Cash flow vs. operating income
Cash flow and operating income are not the same. Operating income is determined by subtracting a company’s operating expenses from its gross income, which gives a measurement of how much of a company’s revenue will be turned into profit. Tracking this figure helps investors get a clearer picture of a company’s true profitability by removing one-off charges like tax bills and debt interest.
Cash flow vs. revenue
Cash flow and revenue are not the same. Cash flow is the balance of money coming into and leaving the business. Revenue is the total income a business earns through the sale of its products and services before expenditures are deducted.
You might hear revenue referred to as a company’s “top line”—this is because revenue is the first figure listed in an income statement, and represents a business’s gross sales and investment income before deductions. Cash flow doesn’t measure this; it instead tracks the amount of cash being transferred into and out of the company.
Cash flow vs. profit
Cash flow and profit are not the same. Cash flow is the balance of cash coming into and leaving the business over a given period. Profit is what’s left over after a business subtracts its expenses from its revenues.
Those might sound like similar ideas, but while profit can be positive or negative (otherwise known as a loss), it doesn’t necessarily leave or enter the business in the same way as cash. Profit is either shared among the company’s owners and investors as dividends (at which point it becomes a financing cash flow) or reinvested back into the company.
Managing cash flow: steps
Different types of businesses will face different challenges when it comes to managing cash flow, but here are a few general tips to help ensure you remain on top of things and stay out of the red.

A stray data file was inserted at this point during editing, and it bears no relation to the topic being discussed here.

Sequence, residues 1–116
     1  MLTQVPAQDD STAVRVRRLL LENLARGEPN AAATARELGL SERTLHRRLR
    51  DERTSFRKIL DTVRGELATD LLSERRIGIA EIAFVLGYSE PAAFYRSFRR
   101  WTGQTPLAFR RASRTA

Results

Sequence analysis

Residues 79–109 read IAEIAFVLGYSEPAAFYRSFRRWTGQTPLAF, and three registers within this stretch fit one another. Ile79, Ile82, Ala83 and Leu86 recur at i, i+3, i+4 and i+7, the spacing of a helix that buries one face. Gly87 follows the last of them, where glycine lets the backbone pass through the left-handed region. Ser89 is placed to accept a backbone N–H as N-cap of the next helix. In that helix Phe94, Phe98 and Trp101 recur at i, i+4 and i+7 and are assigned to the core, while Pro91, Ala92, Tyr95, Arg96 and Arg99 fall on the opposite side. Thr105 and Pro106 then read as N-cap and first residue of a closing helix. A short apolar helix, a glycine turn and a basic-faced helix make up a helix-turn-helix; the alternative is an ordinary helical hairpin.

- Monitor your cash flow. You can’t manage what you can’t see. As a business owner, you’re responsible for keeping accurate financial accounts, but it’s important to be extra diligent about tracking your cash flow as it fluctuates throughout the year. Careful analysis will help you spot shortfalls before they happen.
- Get paid on time. Speed up invoicing by submitting invoices as soon as the work is finished or the products are delivered. When cash flow is a tight margin, and you’re working at scale and are sure the trade-off is worth it, you might consider incentivizing early payment with discounts.
- Keep track of stock. Unsold inventory occupies space that you’re paying for and is cash you can’t access. Careful stock management is key to balancing cash flow, especially for businesses working with perishable goods.
Getting a cash flow statement
You can create your own cash flow statement in your preferred spreadsheet editor, but it’s a better idea to take advantage of one of the many free templates available online. Your accounting software should also offer the option to quickly generate a cash flow statement using the data it’s already collected.
Microsoft Office has a cash flow statement template built into Excel, which features sparklines and conditional formatting to make those figures shine.
Google Sheets also hosts several cash flow statement templates, each offering varying levels of insight and control. Sheetgo is highly customizable to match your business needs, while Shopify has made its cash flow management tool available as an online spreadsheet that’s easy to dip into and edit as you please.
Steve Hogarty is a writer and journalist based in London. He is the travel editor of City AM newspaper and the deputy editor of City AM Magazine, where his work focuses on technology, travel, and entertainment.